Henna tattoo burns holes in 7-year-old girl's skin

A British family is speaking out to warn others after their 7-year-old daughter was possibly scarred for life by a henna tattoo she got while on vacation.

Madison Gulliver, 7, was visiting Egypt with her parents, Martin and Sylvia Gulliver, and her brother, 9-year-old Sebastian, when her mother fell ill with a gall bladder infection and had to be rushed to the hospital, according to Metro.

The family ended up spending two days of their trip in the hospital and, as a way to reward their children for being so well behaved during the ordeal, Martin Gulliver says he paid for Madison and Sebastian to get henna tattoos at their hotel's spa.

After the Gullivers returned home on July 25, the skin under Madison's tattoo allegedly started to bubble up.

"We noticed there was a small patch on the top of the tattoo that was raised but we couldn't see any redness," Mr. Gulliver told the outlet. "The next morning the whole tattoo was starting to get itchy, so we washed it off which revealed a rash in the outline of the tattoo. It started to blister so we started looking on the internet about black henna tattoos and that's when we realized all the worrying things."

Madison's family quickly brought her to a doctor who gave them a steroid cream, but when her blisters continued to worsen, she was rushed to an emergency room.

Metro reports that after five separate visits to St. Mary's Hospital in London with no progress made, Madison was referred to burn specialists at Salisbury District Hospital, who were able to diagnose her with chemical burns.

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"They decided to treat the skin by removing the blisters, so they could access the burned skin underneath," Mr. Gulliver explained. "They thought they would be able to soak the blisters and rub them off, but that wasn't possible as they were so thick, so they had to cut them off."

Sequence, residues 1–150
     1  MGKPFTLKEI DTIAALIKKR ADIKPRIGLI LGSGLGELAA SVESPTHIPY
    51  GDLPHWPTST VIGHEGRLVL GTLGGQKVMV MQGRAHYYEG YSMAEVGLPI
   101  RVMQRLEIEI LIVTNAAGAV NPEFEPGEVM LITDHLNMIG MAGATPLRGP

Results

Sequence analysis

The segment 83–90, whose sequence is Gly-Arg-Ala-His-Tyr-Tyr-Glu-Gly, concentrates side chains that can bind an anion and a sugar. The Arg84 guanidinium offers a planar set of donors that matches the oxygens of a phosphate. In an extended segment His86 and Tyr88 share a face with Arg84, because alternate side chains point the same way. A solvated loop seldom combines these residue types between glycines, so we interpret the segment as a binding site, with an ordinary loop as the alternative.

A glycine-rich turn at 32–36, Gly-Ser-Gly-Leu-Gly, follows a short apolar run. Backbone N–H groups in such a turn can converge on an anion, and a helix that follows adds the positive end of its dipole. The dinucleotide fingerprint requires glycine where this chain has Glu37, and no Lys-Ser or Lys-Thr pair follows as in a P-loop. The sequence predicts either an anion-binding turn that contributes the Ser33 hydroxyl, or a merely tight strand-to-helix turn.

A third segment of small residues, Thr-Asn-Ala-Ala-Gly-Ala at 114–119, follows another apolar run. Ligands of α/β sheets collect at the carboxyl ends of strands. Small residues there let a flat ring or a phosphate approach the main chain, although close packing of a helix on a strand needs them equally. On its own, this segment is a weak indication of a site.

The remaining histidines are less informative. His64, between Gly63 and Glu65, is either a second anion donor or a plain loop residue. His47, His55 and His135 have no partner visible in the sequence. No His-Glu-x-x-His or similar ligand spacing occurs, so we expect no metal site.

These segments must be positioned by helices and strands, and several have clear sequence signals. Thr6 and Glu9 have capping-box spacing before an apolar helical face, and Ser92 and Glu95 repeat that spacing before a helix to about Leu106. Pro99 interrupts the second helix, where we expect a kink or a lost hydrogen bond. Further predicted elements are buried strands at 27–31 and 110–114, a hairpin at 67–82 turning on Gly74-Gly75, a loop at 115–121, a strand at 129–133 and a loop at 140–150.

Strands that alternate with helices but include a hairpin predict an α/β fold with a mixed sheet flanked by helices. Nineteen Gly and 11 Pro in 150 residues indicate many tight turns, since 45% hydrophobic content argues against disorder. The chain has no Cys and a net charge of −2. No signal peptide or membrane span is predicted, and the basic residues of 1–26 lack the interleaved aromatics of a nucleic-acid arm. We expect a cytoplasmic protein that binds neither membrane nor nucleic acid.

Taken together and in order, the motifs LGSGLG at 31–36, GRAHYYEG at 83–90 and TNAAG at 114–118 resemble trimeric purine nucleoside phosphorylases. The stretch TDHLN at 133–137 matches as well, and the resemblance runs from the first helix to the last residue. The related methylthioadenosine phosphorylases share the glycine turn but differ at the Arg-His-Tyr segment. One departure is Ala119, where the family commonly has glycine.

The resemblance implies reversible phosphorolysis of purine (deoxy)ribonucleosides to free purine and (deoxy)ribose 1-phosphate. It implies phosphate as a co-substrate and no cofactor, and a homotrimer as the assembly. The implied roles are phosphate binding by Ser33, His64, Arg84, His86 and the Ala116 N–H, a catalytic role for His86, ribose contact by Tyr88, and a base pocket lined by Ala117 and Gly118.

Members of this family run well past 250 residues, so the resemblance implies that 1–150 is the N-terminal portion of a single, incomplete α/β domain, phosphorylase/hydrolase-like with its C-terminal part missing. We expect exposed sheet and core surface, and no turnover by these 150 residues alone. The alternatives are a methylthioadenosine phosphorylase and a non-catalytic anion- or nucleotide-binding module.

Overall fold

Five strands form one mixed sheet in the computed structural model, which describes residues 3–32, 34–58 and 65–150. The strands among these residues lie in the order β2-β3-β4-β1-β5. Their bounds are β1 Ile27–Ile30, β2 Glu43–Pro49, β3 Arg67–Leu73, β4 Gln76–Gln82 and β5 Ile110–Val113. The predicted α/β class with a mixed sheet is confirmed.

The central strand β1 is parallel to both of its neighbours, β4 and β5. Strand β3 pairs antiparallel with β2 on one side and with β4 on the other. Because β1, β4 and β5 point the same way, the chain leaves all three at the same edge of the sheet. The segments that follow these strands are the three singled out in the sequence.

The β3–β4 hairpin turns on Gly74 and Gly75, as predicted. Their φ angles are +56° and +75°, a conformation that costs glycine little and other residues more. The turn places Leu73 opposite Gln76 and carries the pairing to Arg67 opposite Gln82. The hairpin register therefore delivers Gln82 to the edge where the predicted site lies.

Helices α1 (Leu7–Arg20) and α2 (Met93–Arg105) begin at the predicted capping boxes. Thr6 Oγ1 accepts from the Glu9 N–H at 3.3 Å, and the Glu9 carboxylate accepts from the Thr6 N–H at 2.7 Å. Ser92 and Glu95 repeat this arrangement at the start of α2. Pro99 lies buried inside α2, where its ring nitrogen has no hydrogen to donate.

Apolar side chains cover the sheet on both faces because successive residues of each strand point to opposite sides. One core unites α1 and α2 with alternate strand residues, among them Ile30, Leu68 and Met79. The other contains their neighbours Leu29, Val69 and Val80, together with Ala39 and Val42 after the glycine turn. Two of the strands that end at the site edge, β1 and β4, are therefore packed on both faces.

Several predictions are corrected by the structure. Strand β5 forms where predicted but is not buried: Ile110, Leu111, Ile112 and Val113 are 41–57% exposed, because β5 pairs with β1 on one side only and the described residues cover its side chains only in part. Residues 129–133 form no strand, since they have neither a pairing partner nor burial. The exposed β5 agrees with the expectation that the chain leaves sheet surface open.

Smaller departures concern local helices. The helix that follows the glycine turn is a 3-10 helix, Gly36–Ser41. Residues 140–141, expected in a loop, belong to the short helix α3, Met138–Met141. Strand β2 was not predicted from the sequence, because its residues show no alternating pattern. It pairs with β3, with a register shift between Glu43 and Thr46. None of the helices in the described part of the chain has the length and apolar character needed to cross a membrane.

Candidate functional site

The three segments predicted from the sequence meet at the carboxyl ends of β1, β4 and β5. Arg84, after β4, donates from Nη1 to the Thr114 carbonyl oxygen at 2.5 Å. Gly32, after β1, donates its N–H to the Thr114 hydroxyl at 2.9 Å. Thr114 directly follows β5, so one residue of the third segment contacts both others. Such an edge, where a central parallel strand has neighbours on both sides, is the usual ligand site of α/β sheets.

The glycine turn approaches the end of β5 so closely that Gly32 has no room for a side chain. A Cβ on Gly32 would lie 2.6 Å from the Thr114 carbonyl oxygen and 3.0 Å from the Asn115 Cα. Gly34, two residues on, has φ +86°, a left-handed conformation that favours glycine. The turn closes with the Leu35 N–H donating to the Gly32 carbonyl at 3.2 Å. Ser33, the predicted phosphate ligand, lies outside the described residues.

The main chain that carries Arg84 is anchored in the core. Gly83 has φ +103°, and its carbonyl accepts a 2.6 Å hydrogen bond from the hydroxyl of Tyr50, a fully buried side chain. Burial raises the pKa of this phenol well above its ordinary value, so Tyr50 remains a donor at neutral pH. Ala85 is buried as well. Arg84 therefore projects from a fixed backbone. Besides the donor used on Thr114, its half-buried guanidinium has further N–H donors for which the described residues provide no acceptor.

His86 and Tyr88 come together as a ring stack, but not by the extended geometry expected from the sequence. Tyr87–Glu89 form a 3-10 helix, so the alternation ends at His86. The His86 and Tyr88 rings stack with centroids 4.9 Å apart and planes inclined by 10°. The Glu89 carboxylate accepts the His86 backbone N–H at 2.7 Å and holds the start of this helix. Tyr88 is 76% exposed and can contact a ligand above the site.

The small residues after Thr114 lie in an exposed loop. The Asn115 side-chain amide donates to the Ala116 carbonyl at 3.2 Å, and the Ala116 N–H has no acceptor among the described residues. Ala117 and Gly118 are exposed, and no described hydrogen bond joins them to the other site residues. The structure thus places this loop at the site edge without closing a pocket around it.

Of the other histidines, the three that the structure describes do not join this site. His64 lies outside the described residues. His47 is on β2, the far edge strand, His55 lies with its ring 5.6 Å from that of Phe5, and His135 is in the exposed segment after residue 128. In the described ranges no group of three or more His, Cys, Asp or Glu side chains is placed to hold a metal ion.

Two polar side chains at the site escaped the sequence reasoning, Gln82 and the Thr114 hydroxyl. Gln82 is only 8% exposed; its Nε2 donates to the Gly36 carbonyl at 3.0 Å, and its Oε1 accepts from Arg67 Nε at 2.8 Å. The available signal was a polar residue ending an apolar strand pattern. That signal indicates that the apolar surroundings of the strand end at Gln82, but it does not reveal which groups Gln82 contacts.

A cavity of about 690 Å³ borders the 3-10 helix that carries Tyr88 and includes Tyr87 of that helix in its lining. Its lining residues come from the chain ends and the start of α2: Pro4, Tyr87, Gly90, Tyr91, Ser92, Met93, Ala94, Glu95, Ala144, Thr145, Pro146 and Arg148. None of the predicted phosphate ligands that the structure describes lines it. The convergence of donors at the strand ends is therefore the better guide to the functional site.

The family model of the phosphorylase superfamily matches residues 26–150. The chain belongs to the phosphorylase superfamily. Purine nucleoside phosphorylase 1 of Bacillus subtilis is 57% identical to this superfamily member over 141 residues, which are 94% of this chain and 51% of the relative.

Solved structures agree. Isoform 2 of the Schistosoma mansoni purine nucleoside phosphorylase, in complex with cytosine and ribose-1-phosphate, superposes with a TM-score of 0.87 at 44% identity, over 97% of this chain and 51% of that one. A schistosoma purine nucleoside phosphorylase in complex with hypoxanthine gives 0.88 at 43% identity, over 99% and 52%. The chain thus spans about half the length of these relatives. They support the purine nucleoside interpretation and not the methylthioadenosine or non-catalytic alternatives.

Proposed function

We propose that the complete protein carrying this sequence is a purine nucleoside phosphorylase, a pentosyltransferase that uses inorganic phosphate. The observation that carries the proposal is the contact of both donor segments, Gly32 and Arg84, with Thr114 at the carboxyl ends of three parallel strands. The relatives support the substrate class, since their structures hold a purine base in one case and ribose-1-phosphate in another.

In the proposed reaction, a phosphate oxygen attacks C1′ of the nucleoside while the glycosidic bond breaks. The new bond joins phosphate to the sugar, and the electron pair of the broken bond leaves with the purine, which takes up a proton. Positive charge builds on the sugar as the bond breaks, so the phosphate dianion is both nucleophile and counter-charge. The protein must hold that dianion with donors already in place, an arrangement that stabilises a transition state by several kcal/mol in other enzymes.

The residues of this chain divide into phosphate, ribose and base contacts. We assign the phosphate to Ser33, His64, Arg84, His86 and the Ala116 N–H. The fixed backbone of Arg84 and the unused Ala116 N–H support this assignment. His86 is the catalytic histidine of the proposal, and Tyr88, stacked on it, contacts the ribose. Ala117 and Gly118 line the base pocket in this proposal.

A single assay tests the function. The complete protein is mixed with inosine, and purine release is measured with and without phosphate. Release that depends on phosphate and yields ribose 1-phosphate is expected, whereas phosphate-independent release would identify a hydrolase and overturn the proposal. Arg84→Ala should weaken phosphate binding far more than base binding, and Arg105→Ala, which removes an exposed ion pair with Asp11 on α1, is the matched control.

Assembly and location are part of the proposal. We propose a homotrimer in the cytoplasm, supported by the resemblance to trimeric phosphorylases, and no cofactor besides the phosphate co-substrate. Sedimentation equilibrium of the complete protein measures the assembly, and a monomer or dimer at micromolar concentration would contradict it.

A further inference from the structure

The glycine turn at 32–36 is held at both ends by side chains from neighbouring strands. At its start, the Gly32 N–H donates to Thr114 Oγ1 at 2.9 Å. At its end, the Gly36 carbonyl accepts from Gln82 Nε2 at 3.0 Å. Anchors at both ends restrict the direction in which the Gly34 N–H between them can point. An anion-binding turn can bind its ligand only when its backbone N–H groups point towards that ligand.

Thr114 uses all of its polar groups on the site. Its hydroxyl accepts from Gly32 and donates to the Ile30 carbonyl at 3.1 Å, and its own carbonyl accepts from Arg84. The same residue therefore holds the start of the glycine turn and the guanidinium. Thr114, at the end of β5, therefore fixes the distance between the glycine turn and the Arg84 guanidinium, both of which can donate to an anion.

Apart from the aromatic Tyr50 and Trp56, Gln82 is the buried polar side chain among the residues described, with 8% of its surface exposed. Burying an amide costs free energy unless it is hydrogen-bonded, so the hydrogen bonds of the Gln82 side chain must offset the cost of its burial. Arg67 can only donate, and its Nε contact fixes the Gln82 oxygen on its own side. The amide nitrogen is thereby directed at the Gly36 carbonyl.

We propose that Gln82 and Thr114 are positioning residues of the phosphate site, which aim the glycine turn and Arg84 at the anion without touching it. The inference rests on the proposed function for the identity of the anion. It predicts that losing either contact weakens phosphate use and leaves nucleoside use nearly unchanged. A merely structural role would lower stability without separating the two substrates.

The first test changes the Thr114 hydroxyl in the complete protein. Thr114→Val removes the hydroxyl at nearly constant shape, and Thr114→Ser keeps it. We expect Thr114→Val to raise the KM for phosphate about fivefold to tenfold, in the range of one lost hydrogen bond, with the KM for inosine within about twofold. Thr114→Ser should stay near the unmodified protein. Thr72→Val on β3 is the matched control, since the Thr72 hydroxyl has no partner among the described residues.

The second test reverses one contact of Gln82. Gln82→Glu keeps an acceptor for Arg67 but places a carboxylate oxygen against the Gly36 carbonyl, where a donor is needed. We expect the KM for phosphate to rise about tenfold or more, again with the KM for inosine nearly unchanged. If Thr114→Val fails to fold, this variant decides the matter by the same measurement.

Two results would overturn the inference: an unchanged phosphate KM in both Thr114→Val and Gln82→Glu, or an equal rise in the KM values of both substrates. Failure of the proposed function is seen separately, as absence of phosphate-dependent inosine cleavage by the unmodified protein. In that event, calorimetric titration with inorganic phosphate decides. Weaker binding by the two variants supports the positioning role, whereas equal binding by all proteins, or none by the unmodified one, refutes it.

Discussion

It is believed that Madison's reaction was caused paraphenylenediamine (PPD), which is a toxic chemical used in henna ink that is known to cause severe reactions in children.

PPD is contained in many other common products, such as hair dye, albeit in much smaller doses.

A spokesperson from the Fort Arabesque Resort, Spa & Villas, apologized to the family via email and told them that they will no longer be offering the tattoos.

But Madison's family says an apology is not enough.

They are hoping to raise awareness about the potential dangers of henna ink in order to save other children the pain and suffering their own daughter had to experience.

"She is potentially scarred for life after getting a black henna tattoo," her father said. "The message is: don't risk it."

Related: Chemicals in makeup

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Dangerous Chemicals in Your Drugstore Products and the Safe Alternatives
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Dangerous Chemicals in Your Drugstore Products and the Safe Alternatives

There are two places to find ingredients on a cosmetic package: under active ingredients and inactive ingredients. Active ingredients can interact actively with other ingredients, which may cause unwanted reactions. Inactive ingredients are ingredients that will not react with other ingredients. They are commonly safer to use.

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You can find triclosan in the list of active ingredients, which is found at the top of the label.

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Retinyl palmitate is an inactive ingredient in some daytime moisturizers. 

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If you are looking for a triclosan-free deodorant try Old Spice Pure Sport. But be careful: Old Spice Classic uses triclosan in their product!

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When you're scrubbing dishes, it's important to have gentle dishwasher soap that won't irritate or damage your skin which is why Dawn dishwasher soap is perfect and triclosan-free. While some of it's competitors still use the chemical triclosan, Dawn is gentle enough to use on animals and gentle enough to use on yourself!

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After scouring the drugstore, we found that some of our favorite handsoaps were using triclosan. We did find a few products using alternatives including Method Handsoap, which uses cocamidopropyl betaine, which is derived from the coconut and is less irritating to the skin.

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While some older brands of toothpaste still use triclosan, most toothpastes including Sensodyne have switched to using more natural products including sodium phosphate which acts as a cleansing unit.

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All-natural products are sometimes hard to find (and their labels can be misleading). The FDA regulates that only 10% of ingredients need to be natural in order for a company to call its product "natural." Simple's daytime moisturizer only uses all-natural products, making this face cream safer than others like it.

Photo Credit: Drugstore.com

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